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Subscribe to this list via RSS Blog posts tagged in idols
Photographing Sacred Objects: The Right Way to Do It

Sacred objects—hallows, sacra, call them what you will—constitute a category of being all of their own.

When interacting with them, always remember: These are not mere “things.” They must be treated as if they were persons.

There's an etiquette to photographing such beings, and here it is:

Ask first.

Most sacred objects, especially those that are recipients of cult, have someone who tends them and cares for them. Before photographing,You need to ask the hallow's keeper for permission.

This person will be able to tell you whether or not photography is permitted.

Bear in mind that, even if photography is usually (or sometimes) acceptable, the object may not wish to be photographed at this time, or (possibly) by you. The keeper has an ongoing relationship with the hallow, is sensitive to its moods, and will be able to tell you.

When in doubt, take no photograph.

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Posted by on in Culture Blogs
The God Store

There's one in every pagan town. Still, there's something not entirely comfortable about the place.

You know where I mean: the God Store.

Big gods, little gods. Famous gods, obscure gods. Hand-crafted gods, mass-produced gods.

Rows and rows and rows of gods. Statues, statues, statues.

Oh, don't worry, these are not “enlivened” images; their “eyes” have not been “opened.” (Yet.) For now, they're works of art, no more. (Or craft, at least.) (But still....) You can walk past without greeting them, without making eye contact, no disrespect intended.

Still, there's no denying that there's something off-putting about so many, all in one place: not-gods, but somehow gods nonetheless.

What must it be like—O paradoxical profession—to be a seller of idols, a merchant of gods?

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Recent Comments - Show all comments
  • Steven Posch
    Steven Posch says #
    In ancient Egypt, the rite was called "Opening the Mouth," because it enabled the image to receive the food offerings that were ma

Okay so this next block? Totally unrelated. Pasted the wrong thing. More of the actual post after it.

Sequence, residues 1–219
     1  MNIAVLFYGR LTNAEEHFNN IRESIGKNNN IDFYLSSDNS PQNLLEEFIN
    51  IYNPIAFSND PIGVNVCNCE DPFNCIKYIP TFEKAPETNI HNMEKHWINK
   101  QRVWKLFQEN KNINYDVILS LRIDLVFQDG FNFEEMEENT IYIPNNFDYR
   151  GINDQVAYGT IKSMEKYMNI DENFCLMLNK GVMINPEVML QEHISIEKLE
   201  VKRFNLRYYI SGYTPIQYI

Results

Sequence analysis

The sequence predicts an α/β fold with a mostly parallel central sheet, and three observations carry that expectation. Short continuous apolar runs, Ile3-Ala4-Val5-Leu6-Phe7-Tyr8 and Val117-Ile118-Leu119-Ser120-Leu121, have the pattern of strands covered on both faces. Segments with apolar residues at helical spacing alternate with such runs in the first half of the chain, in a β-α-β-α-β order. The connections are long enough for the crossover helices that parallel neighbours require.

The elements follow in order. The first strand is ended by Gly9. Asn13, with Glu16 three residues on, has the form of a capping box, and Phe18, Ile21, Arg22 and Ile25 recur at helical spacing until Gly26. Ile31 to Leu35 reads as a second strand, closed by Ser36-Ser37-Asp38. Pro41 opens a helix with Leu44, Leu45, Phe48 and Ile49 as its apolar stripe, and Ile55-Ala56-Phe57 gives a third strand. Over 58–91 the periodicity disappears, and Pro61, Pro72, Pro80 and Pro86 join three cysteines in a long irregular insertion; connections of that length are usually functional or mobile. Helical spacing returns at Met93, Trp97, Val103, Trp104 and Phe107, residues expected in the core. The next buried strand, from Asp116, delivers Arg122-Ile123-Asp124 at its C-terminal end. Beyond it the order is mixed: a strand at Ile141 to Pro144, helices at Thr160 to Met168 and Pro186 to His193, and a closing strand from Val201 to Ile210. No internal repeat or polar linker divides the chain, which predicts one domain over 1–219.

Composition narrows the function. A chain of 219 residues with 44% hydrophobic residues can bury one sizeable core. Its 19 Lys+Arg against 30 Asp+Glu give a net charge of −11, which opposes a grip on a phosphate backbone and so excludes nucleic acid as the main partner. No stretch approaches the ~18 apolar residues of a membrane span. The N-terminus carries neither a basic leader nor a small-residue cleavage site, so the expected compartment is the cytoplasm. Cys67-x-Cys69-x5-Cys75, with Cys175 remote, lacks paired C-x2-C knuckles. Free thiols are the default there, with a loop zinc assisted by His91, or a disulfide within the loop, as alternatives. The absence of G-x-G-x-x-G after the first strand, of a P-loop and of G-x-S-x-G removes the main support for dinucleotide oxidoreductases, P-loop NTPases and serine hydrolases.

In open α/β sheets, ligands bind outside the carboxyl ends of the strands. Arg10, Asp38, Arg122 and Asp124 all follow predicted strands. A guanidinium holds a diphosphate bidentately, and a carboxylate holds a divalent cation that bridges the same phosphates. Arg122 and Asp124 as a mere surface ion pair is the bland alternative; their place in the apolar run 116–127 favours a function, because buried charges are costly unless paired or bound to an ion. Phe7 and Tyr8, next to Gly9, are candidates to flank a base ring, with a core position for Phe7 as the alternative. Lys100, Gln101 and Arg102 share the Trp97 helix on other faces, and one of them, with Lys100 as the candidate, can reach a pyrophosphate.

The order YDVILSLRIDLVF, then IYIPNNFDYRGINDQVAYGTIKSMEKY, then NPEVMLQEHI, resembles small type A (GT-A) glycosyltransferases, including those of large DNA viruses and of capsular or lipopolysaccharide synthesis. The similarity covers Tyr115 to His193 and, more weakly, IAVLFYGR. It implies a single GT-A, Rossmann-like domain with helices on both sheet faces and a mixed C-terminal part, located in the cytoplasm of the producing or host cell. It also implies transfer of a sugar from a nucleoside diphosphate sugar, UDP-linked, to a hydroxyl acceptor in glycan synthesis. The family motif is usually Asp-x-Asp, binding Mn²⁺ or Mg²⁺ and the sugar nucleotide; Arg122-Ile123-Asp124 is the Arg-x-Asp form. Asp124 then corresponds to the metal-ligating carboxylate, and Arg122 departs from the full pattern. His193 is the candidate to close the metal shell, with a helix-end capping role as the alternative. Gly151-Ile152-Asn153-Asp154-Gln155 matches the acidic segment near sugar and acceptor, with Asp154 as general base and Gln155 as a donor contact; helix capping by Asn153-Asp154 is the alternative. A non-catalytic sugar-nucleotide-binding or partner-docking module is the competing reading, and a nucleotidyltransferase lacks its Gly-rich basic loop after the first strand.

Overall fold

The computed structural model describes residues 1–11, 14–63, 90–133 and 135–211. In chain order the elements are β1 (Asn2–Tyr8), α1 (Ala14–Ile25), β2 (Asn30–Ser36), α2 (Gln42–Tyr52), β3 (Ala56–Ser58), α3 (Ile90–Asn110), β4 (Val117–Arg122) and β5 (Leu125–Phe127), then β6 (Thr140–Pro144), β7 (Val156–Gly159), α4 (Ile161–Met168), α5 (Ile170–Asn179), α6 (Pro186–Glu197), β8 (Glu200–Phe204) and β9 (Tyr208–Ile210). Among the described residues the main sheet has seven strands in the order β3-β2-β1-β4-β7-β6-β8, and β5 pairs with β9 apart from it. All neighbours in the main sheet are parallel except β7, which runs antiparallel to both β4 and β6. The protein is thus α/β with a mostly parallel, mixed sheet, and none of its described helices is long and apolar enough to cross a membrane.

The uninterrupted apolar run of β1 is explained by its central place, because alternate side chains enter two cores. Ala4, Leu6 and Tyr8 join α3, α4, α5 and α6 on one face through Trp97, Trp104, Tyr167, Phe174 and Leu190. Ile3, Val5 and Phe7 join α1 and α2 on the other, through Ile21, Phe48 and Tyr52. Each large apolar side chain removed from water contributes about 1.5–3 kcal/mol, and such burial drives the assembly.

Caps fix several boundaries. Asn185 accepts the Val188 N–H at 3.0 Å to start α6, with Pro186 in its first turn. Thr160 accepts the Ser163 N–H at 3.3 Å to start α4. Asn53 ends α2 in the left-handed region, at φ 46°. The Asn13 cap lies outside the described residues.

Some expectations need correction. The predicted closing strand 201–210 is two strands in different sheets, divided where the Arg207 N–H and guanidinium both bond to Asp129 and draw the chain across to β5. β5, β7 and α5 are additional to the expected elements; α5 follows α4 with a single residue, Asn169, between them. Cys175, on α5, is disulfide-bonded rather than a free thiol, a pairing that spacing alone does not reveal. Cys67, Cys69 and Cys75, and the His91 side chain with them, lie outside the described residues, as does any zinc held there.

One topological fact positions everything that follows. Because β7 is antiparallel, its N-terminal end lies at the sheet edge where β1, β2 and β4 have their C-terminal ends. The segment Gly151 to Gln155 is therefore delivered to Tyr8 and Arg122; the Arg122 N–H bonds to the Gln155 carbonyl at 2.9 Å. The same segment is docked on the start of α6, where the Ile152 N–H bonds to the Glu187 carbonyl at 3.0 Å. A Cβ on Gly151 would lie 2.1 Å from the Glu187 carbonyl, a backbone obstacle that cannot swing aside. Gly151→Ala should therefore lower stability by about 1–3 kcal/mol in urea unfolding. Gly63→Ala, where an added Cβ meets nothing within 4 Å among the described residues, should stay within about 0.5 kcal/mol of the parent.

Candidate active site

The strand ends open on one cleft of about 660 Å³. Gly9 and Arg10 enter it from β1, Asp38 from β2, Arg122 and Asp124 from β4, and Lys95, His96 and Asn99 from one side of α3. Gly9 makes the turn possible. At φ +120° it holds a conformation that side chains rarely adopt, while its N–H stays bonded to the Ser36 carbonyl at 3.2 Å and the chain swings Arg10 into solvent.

• Anthony Gresham
    Anthony Gresham says #
    I remember hearing about waking up or making holy icons. Apparently icons of the eastern orthodox churches are just art until the
Why Do Blue Jeans Have That Extra Little Pocket on the Right?

You've probably noticed that every pair of blue jeans has an extra little side pocket sewn in above the right-hand pocket.

You may have heard this called a “watch pocket,” a vestigial sartorial left-over from the days of pocket watches.

Don't believe it. Here's the real story.

Among the ancient Norse, for obvious reasons, it was customary to carry a small image of one's luck-god on one's person. This hlutr-god (hlutr is cousin to English lot, as in drawing lots) would be suspended from the belt in a little pouch of its own.

(Possibly the most famous story about a lot-god in the lore is that of Einarr Skálarglam. Einarr, a Norwegian, was considering a move to Iceland, but hadn't yet made up his mind. In the meantime, the little silver image of his luck-god Frey, which he carried with him at all times, disappeared. Frey appears to Einarr in a dream, and tells him to settle in Iceland after all. “When you dig the hole for your house's king-post, there you'll find my hlutr,” he tells him. Of course, everything turns out exactly as the god says.)

(Incidentally, Einarr's descendants still live on that same farm in Iceland.)

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How the Idol-Maker Saved the World

 A Kalasha Tale

 

One year Dezáu—Heaven—decreed that, in honor of the winter solstice, all of humanity should keep all-night vigil.

Yes, yes, they all said. But one by one, they all, nonetheless, fell asleep.

Finally, out of all humanity, only one man remained awake.

This man was a Kalasha, a wood-carver. The reason why he stayed awake when everyone else fell asleep is that he was busy carving a statue: a statue of Dezáu himself, as it happens.

When Dezáu saw this, he was pleased, and so he blessed the man and his craft, and also his entire people.

So it is that, of all the Indo-European-speaking peoples, only the Kalasha, a small tribe of some 4000 people, who live in three valleys in what is now NW Pakistan, have continuously and uninterruptedly practiced their ancient religion since antiquity: the Great Blessing of Dezáu.